It's changing on a year-by-year basis. It used to be what can I get. Like, "What can I get? Yeah I'll do it." But now I'm getting to this point in my career, just to be candid, where I have to turn down things because I don't have enough time for them. And that's crazy. The things I've had to say no to in the past year have, quite honestly, been heartbreaking, just because I'm on "The League," I have "Togetherness" to do, I have four Netflix movies that I'm producing, I have all my Sundance movies. I have a full slate. So it's changing for me right now and I'm looking at carving out a little more time for those cool acting projects. Like spending a week doing "Zero Dark Thirty" was one of the most rewarding experiences of my life and I'm actively looking to do more things like that.

Can you talk about some of the things you turned down? Did you turn down "Jurassic World"?

I can't really talk about it because I feel weird for the actors who ended up taking them because most directors say, "You're my first choice." And that would be really weird. But I will definitely say that there have been some huge movies that I've had to say no to that if I knew that five years ago I would think, What the f*ck are you doing? And that is a growing pain of where I'm at right now. That said, I get to do so much amazing stuff. Being able to make "Togetherness" with my brother and some of my best friends and to be on "The League" with some of the funniest people on the planet who are also some of my best friends and to get to produce movies for people like Patrick and foster their careers, like I am so lucky. And you don't get to do everything.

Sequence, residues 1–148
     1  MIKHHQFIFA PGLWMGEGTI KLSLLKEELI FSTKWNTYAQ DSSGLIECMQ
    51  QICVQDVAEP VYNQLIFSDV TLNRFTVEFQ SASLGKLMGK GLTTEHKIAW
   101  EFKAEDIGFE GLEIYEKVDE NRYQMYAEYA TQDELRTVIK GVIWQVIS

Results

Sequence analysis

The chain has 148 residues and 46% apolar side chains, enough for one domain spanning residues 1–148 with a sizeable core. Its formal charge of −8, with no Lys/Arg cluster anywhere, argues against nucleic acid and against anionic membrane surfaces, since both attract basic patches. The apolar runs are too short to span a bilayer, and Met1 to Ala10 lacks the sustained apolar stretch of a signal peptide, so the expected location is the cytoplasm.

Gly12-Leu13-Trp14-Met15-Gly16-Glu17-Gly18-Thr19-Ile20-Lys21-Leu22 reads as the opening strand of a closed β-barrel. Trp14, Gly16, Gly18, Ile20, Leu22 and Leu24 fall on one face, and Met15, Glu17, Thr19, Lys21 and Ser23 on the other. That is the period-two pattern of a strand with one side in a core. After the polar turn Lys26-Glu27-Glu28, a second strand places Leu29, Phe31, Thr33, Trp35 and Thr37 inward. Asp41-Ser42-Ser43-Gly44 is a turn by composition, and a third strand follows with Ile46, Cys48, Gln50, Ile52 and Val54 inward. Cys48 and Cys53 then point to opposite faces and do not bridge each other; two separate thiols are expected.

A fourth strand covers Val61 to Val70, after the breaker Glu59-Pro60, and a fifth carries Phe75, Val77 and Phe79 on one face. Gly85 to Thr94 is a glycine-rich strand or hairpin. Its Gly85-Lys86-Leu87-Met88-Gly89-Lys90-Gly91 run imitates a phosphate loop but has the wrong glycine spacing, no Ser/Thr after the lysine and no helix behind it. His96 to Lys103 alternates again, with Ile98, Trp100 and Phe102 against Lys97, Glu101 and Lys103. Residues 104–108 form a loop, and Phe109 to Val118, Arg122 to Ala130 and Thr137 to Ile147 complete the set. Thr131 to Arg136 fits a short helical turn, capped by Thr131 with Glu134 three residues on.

Didn't you shoot all of "Togetherness" before even turning it into HBO?

Yes we did. My brother and I write and direct all of the episodes of the show and we make it like an independent film where we shoot and edit it all ourselves. And they're incredibly supportive. We're ramping up Season 2 right now and we're going to do it the same way.

One of the great joys of "Togetherness" coming out was that great HBO theme song you guys did. Where did that come from?

You're talking about the dumbest thing we've ever done that was actually kind of fun. Well, Jay and I played in bands growing up, always, and one of our joke things we used to do when we were the Indigo Boys, basically two dudes playing acoustic guitars in coffee shops, in the middle of a set we would break out the HBO theme song and slowly people would realize it was happening and every time we did it we would blow the place up. So we were trying to think of something special to honor our 30 year love and commitment and marriage to HBO and it seemed like the right thing.

"The Lazarus Effect" is in theaters now.
Based on 29 critics

Medical researchers (Mark Duplass, Olivia Wilde) develop a way to bring the dead back to life. Read More

categories Interviews, Movies